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Hau L. Lee Stanford University. Fast changing hardware and software Multiple sources of technological advances Frequent product transitions Manufacturing.

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Presentation on theme: "Hau L. Lee Stanford University. Fast changing hardware and software Multiple sources of technological advances Frequent product transitions Manufacturing."— Presentation transcript:

1 Hau L. Lee Stanford University

2 Fast changing hardware and software Multiple sources of technological advances Frequent product transitions Manufacturing cost pressures Fast changing hardware and software Multiple sources of technological advances Frequent product transitions Manufacturing cost pressures Short product and technology cycles Outsourced manufacturing partners Outsourced design partners Consumer electronics channel Other associated product providers Outsourced manufacturing partners Outsourced design partners Consumer electronics channel Other associated product providers Multiple supply chain partners Fashion like product Strong competitive forces Increasing product variety Potential of external disruptions Fashion like product Strong competitive forces Increasing product variety Potential of external disruptions Demand and supply uncertainties

3 ChallengesImplications Increasing demand and supply uncertainties Uncertainty drives need for flexibility Shortening product and technology cycles Dynamic instead of static supply chains Multiple outsourced supply chain partners Differential interests of multiple players

4 ChallengesImplications Increasing demand and supply uncertainties Uncertainty drives need for flexibility Shortening product and technology cycles Dynamic instead of static supply chains Multiple outsourced supply chain partners Differential interests of multiple players Agility Adaptability Alignment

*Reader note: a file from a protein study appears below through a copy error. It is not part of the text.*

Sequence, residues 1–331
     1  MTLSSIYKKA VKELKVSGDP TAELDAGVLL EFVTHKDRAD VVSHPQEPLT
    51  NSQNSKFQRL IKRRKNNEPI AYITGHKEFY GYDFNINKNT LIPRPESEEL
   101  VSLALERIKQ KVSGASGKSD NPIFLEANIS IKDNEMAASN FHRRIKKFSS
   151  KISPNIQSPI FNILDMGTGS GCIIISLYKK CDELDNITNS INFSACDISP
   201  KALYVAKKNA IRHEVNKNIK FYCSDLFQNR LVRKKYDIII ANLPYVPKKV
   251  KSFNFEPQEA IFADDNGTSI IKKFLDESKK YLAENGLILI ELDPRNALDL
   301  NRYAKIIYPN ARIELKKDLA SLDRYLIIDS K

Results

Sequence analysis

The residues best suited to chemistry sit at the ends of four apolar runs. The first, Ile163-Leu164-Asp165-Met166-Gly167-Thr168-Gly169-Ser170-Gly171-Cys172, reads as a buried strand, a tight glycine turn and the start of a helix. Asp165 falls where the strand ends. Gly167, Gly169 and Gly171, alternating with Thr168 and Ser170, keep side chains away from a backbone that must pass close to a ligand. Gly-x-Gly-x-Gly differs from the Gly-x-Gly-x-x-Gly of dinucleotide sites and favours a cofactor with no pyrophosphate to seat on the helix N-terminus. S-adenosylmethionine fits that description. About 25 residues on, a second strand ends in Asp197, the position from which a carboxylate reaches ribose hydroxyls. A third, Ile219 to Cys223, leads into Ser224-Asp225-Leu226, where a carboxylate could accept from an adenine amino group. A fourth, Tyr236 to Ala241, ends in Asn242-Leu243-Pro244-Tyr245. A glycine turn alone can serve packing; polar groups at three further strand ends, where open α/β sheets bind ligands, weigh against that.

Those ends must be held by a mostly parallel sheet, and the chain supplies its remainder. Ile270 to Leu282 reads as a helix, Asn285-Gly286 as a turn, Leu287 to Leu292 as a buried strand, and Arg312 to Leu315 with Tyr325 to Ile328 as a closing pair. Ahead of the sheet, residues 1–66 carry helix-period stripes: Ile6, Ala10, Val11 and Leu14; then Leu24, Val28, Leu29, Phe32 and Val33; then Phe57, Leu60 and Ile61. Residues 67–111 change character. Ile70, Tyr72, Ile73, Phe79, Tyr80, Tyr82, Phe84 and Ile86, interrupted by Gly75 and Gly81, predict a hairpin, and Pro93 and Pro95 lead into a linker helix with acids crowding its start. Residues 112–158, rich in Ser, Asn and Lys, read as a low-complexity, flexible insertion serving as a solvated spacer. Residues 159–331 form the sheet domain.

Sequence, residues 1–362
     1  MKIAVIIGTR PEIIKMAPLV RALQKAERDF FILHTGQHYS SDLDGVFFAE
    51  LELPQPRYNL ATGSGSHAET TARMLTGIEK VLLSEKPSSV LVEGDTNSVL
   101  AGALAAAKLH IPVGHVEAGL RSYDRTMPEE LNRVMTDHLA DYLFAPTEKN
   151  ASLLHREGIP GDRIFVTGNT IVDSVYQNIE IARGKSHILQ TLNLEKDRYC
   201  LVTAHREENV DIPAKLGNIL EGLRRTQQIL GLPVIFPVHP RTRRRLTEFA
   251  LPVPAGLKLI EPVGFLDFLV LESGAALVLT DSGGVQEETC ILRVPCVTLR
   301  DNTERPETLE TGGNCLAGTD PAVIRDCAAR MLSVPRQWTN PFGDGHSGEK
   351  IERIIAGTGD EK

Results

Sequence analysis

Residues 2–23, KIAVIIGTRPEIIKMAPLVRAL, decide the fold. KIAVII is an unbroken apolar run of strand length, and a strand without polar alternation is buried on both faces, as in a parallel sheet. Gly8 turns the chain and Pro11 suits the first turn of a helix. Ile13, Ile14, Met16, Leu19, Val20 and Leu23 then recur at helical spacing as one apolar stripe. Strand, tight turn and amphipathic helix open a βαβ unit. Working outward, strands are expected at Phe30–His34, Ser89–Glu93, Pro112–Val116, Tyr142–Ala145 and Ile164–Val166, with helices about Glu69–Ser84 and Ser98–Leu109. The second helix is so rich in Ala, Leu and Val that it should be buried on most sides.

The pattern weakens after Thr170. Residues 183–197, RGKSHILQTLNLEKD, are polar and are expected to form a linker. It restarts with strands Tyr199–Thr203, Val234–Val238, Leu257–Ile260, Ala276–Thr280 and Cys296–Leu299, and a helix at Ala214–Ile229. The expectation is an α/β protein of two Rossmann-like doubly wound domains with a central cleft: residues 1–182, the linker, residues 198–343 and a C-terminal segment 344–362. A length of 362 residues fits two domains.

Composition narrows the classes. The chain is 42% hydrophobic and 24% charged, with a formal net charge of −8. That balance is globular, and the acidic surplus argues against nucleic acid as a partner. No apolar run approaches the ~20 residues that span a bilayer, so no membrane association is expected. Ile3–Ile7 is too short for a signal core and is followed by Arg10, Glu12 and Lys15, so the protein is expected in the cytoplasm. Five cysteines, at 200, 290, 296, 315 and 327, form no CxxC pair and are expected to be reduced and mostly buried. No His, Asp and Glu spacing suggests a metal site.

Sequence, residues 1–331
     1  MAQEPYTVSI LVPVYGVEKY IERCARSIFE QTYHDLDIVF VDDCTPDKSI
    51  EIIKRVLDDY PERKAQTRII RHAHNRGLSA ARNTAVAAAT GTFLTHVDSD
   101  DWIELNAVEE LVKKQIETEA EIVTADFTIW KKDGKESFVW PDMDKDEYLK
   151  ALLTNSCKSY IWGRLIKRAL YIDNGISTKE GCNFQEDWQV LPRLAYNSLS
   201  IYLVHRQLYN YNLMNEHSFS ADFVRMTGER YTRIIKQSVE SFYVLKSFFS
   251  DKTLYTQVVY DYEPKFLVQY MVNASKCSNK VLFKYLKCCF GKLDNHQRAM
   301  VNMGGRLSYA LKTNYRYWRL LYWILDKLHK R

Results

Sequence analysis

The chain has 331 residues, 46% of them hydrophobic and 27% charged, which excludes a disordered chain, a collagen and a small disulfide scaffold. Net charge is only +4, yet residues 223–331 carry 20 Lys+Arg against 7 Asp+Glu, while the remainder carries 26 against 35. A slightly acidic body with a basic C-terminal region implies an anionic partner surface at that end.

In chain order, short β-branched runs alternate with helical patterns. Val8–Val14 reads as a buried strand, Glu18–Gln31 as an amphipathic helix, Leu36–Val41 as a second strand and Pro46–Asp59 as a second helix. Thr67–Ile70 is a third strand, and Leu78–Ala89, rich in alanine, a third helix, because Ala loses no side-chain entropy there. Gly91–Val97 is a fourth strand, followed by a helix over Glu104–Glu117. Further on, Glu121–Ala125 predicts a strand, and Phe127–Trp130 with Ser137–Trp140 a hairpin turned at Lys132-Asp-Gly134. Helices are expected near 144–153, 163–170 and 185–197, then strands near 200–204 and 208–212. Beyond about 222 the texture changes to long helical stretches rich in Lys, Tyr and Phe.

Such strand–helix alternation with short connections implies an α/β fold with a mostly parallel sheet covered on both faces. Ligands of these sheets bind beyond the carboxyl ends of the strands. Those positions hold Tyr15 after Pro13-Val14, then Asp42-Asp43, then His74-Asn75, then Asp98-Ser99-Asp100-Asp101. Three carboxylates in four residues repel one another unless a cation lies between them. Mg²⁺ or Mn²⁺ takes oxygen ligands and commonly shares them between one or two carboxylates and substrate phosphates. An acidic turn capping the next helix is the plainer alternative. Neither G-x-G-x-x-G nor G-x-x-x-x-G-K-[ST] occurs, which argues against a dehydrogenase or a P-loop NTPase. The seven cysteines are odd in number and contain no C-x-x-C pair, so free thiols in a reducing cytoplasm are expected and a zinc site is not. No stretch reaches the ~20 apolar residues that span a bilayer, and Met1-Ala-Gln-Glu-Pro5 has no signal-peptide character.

5 ChallengesImplications Increasing demand and supply uncertainties Uncertainty drives need for flexibility Shortening product and technology cycles Dynamic instead of static supply chains Multiple outsourced supply chain partners Differential interests of multiple players Agility AdaptabilityAdaptability AlignmentAlignment

6 Largest convenience store chain in Japan ($23.3B annual sales) with 10,853 outlets (1,200 sq. ft each) #1 in fast foods #1 in battery, ladies stocking sales #2 in paperback/ magazine sales 55 Inventory turns/year Value of $1 Investment SEJ Nikkei

7 ISDNNetworkISDNNetwork 7-11 Japan district office OFC mobile computer Manufacturer Combined distribution center Store Host computer Satellite center Multimedia distribution Multimedia transmission 7-11 Japan HQ Dedicated line

8 IdentifyIdentify AnalyzeAnalyze ActAct MeasureMeasure POS+ Total visibility Correlation and Substitution Local events Product transitions Localized promotions Shelf & merchandizing New product development Trust-based agile logistics Dynamic shelving Supplier collaborations

9 New product release data General design changes Chip design data Chip design changes Mechanical design data Mfg. Design changes Sourcing changes Mexico California Hungary Texas Chip Design (GPU & MCP) Chip Supply Mechanical Design Plastics Component Procurement PCBA Mfg. Testing System Build & Test Final Packaging General Design Strategic Sourcing Marketing & Distribution 2001 Product launch in 14 months (versus 20 months for Sony Playstation 2), winning 3.6% market share in 4 months.

10 2nd Source Manufacturing Chip Packaging Mechanical Design Services Procure Components Plastics PCBA Mfg. Testing Final Packaging Chip Design (GPU & MCP) In November and December 2005, Xbox launched Xbox 360 simultaneously in N America and Europe, beating Sony’s Playstation 3 by close to a year. Chip Design 3rd Source Manufacturing Transportation customs clearance

11 Product postponement: field-programmable integrated circuits Process postponement: die-bank as decoupling point and customize to order. IRL (Internet-Reconfigurable Logic) allows reconfiguration remotely via the Internet Postponement strategy supports NPI and upgrades Number 1 market leader Wafer fabrication Die-bank FA&T

12 March 17, 2000, lightning-induced fire at Philips’ radio-frequency chips factory in Albuquerque, New Mexico

13 Percent of Respondents Based on a Stanford study on Driving Business Value through B2B Outsourcing, supported by GXS, 2007